One of the Internet's great strengths is that a single blogger or a small political group can inexpensively create a Web page that is just as accessible to the world as Microsoft's home page. But this democratic Internet would be in danger if the companies that deliver Internet service changed the rules so that Web sites that pay them money would be easily accessible, while little-guy sites would be harder to access, and slower to navigate. Providers could also block access to sites they do not like.
That would be a financial windfall for Internet service providers, but a disaster for users, who could find their Web browsing influenced by whichever sites paid their service provider the most money. There is a growing movement of Internet users who are pushing for legislation to make this kind of discrimination impossible. It has attracted supporters ranging from MoveOn.org to the Gun Owners of America. Grass-roots political groups like these are rightly concerned that their online speech could be curtailed if Internet service providers were allowed to pick and choose among Web sites.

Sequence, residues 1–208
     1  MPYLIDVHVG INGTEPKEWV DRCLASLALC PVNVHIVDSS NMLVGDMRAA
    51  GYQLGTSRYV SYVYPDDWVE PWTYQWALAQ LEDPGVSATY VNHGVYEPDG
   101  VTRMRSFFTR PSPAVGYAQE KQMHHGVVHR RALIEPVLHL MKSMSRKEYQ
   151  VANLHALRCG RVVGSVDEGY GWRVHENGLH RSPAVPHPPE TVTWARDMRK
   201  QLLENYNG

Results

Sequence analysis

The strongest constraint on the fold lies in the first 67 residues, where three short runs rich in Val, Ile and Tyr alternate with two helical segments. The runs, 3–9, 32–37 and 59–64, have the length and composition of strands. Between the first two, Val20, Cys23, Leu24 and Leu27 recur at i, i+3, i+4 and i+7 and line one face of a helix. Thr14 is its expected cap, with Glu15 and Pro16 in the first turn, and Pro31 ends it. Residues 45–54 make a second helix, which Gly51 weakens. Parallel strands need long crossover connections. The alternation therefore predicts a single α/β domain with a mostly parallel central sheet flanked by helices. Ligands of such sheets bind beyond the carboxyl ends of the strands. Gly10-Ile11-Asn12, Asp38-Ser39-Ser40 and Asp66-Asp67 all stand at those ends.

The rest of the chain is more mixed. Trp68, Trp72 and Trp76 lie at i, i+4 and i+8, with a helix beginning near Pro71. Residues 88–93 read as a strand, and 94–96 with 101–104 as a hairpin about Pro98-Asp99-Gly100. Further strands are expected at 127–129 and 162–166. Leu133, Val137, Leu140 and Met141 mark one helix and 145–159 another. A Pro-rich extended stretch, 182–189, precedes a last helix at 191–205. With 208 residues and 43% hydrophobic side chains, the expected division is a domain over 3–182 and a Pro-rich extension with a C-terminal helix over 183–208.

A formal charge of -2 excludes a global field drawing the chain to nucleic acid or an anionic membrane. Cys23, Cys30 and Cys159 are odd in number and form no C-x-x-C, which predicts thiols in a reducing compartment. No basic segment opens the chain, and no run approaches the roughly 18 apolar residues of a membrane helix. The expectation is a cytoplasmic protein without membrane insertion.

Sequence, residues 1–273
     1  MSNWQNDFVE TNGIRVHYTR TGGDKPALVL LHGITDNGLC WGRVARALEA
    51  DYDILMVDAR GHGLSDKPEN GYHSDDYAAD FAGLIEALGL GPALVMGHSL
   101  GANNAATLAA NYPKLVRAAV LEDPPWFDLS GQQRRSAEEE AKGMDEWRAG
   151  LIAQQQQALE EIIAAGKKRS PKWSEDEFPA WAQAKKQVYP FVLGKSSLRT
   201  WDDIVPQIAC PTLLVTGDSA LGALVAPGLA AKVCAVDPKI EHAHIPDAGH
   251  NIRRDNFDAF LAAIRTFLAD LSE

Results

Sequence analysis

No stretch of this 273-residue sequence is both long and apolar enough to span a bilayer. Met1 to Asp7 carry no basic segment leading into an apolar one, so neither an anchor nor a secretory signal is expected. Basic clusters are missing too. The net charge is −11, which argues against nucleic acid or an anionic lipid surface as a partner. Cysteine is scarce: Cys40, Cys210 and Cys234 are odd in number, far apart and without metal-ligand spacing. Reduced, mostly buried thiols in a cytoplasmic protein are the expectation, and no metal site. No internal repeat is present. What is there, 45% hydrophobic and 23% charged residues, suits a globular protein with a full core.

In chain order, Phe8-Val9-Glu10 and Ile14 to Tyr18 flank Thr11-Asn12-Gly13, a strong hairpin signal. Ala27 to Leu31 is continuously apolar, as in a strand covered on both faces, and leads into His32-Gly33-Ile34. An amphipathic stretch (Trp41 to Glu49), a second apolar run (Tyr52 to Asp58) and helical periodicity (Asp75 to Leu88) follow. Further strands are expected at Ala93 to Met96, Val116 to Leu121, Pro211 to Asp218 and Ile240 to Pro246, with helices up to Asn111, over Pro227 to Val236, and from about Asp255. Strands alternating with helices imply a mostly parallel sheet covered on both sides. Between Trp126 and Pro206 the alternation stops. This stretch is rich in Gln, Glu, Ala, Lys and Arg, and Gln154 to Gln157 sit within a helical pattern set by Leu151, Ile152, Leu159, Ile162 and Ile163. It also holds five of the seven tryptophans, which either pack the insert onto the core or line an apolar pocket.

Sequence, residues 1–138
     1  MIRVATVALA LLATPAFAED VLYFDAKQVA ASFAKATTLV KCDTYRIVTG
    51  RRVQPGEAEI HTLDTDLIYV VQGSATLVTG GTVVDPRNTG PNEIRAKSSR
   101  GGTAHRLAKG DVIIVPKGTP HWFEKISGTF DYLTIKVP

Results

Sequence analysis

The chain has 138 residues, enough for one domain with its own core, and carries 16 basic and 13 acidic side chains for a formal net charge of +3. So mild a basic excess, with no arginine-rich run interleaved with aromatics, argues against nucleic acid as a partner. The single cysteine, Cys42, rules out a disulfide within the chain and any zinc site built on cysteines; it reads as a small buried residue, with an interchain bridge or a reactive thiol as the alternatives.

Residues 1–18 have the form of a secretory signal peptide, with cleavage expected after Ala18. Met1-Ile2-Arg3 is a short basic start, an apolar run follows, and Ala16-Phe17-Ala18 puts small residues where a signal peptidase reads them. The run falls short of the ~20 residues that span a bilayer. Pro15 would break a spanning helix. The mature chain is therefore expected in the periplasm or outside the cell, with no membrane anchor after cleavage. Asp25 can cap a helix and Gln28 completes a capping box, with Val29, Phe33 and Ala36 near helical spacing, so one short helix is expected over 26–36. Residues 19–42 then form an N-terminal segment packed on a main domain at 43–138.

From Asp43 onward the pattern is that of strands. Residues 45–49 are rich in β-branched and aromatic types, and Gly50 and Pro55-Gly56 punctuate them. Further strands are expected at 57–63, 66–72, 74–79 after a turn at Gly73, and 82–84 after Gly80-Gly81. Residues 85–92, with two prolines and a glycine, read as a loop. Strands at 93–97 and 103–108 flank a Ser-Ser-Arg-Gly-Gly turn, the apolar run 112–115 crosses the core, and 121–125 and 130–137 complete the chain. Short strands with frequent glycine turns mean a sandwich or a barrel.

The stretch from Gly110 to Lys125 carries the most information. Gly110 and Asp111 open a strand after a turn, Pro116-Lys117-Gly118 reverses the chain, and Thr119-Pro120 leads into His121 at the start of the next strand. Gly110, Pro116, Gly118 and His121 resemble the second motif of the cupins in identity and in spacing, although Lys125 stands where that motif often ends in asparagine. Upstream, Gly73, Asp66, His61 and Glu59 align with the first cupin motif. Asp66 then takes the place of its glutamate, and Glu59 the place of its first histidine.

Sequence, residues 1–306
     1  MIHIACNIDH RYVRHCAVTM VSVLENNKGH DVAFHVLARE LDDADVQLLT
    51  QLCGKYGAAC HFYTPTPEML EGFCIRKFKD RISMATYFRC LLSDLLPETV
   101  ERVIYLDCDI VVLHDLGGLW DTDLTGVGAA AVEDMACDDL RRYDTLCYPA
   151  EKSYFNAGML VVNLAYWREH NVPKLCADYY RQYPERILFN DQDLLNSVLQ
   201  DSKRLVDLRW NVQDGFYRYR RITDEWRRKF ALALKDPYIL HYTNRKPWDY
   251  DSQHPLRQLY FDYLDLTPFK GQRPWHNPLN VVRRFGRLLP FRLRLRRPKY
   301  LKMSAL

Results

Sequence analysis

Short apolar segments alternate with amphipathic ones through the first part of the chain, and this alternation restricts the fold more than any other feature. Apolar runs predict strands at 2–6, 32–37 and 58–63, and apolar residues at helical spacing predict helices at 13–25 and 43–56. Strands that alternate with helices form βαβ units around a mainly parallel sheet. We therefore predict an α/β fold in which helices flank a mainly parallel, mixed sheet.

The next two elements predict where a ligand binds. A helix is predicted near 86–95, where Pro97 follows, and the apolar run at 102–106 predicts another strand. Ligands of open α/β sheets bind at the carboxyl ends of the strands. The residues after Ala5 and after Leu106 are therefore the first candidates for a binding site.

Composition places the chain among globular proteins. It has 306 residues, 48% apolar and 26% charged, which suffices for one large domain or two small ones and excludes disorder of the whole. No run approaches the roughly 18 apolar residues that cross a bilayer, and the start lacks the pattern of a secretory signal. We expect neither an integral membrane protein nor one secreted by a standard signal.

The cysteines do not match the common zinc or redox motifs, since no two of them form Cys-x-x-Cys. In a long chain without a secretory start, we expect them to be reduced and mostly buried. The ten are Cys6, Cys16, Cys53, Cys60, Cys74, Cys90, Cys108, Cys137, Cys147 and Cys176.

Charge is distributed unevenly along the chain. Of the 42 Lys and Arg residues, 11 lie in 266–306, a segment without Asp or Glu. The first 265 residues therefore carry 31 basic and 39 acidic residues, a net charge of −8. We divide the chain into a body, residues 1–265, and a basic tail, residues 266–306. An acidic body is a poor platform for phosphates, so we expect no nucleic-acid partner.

The House Energy and Commerce Committee defeated a good Net-neutrality amendment last week. But the amendment got more votes than many people expected, suggesting that support for Net neutrality is beginning to take hold in Congress. In the Senate, Olympia Snowe, a Maine Republican, and Byron Dorgan, a North Dakota Democrat, are drafting a strong Net-neutrality bill that would prohibit broadband providers from creating a two-tiered Internet. Senators who care about the Internet and Internet users should get behind it.
Rep. Ed Markey (D-MA) threw down the gauntlet just moments ago, introducing the Network Neutrality Act of 2006 [full text HERE], which "[offers a] choice between favoring the broadband designs of a small handful of very large companies, and safeguarding the dreams of thousands of inventors, entrepreneurs, and small businesses. This legislation is designed to save the Internet and thwart those who seek to fundamentally and detrimentally alter the Internet as we know it." read on....